4. How Does SARS-CoV-2 Invade Human Body Via ACE2?
ACE2 not only plays an important role in the cardiovascular system, but also plays a role in lung diseases as a receptor for SARS-CoV-2. So how did SARS-CoV-2 invade the human body through ACE2? Recent studies have further confirmed that S (Spike glycoprotein) of SARS-CoV-2 is a key protein in mediating virus invasion into host cells.
SARS-CoV-2 invades lung cells by binding S protein to ACE2. The affinity between ACE2 and the RBD (receptor binding domain) of SARS-CoV-2 is 10 to 20 times higher than its affinity with the RBD of the SARS virus. The S protein of SARS-CoV-2 exists in the form of a trimer. Each monomer contains approximately 1,300 amino acids, of which more than 300 amino acids constitute the "receptor binding domain" (RBD), where the S protein is bound to ACE2 .
After entering the human body, the virus mainly activates the immune system and causes lung damage through cytokines and inflammatory factors. So what role does ACE2 play in the pathological pathway of coronavirus-induced lung injury?
Combined with the studies of SARS (Figure 3), after coronavirus enters the human body, we found that the expression of ACE2 is down-regulated, leading to a decrease in ACE2 levels in the lungs. While the levels of ACE is not affected. Imbalance of ACE2 and ACE in the lungs, elevated AngII levels over-activate AT1a receptors in the lungs, leading to increased capillary permeability in the lungs. Then pulmonary edema occurs, which induces dry cough, and aggravates inflammation and apoptosis, accelerating lung damage. At the same time, the decrease of ACE2 level leads to activation of the Des-Arg bradykinin-BK1 receptor pathway, which further aggravates symptoms and amplifies lung inflammation and injury.
Figure 3. Regulation of ACE and ACE2 during coronavirus-induced lung injury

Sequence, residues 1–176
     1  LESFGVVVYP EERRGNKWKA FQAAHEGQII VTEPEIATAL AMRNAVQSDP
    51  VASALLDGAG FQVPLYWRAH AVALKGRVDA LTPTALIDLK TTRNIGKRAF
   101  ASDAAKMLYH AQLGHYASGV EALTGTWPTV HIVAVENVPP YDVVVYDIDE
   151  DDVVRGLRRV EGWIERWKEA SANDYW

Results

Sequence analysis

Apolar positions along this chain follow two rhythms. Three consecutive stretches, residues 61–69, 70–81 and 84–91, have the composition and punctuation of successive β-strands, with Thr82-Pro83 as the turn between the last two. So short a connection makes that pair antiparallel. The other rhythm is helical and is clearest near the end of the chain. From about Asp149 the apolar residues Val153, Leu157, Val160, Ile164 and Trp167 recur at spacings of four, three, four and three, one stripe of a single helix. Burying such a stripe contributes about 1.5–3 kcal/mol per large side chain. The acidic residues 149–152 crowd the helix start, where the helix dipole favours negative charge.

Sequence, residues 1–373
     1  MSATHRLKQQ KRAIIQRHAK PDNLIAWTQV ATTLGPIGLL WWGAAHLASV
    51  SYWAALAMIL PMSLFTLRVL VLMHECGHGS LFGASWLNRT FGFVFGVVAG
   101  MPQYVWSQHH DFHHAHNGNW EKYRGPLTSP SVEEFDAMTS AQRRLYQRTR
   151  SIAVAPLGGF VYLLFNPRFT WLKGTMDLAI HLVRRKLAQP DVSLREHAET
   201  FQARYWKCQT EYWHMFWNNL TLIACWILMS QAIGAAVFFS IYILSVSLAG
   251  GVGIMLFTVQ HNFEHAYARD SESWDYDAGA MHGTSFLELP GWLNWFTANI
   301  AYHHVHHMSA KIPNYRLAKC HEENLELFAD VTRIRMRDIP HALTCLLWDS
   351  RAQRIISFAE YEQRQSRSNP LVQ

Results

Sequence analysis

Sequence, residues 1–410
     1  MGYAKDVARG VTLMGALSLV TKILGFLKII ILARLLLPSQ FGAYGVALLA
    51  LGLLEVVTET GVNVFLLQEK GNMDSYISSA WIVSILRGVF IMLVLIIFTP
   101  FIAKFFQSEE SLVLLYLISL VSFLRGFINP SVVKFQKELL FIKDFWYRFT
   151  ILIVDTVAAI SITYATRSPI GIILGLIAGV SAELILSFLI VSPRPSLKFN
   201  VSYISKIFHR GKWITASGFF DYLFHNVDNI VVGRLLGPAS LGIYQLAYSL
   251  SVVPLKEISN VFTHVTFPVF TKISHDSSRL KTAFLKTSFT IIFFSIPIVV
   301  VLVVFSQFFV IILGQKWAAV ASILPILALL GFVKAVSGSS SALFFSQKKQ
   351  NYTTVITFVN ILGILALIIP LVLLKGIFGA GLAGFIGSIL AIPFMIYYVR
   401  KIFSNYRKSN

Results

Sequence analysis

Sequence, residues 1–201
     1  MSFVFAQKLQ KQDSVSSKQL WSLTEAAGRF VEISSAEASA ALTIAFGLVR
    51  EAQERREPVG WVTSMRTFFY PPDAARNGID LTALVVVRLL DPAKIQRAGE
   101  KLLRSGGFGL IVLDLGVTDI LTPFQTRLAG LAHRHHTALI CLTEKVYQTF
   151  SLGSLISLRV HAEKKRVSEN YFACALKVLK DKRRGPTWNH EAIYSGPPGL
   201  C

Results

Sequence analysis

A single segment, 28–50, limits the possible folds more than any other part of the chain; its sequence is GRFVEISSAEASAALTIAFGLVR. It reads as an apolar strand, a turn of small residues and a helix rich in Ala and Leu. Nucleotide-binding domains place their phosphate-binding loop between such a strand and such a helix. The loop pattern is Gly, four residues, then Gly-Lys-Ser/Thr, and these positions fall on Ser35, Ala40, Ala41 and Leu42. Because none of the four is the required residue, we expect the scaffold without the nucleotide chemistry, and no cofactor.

5. The Progression of COVID-19 Treatment
With the exposure of ACE2 as a target for SARS-CoV-2 invasion, blocking the combination of virus and ACE2 has become one of the therapeutic directions. Previous studies in the treatment of SARS have found that the use of soluble ACE2 receptors or antibodies against ACE-2 can be used to block the binding of SARS-CoV and this receptor, thereby disrupting the process of viral infection of cells.
On January 31st, Markus Hoffmann et al. in Leibniz Primate Institute, Germany, published an article entitled “The novel coronavirus 2019 (2019-nCoV) uses the SARS-coronavirus receptor ACE2 and the cellular protease TMPRSS2 for entry Into target cells” on bioRxiv. It demostrats that SARS- CoV-2 enters the human body through the SARS-CoV receptor ACE2, and the cellular protease TMPRSS2 is used for SARS-CoV-2 S (Spike glycoprotein) triggering. TMPRSS2 inhibitors prevent SARS-CoV-2 entry and are a treatment option. Finally, the study showed that serum from patients with SARS during recovery stage neutralized the entry of SARS-CoV-2-S. The findings reveal important commonalities between SARS-CoV-2 and SARS-CoV infections, and provide potential targets for antiviral intervention.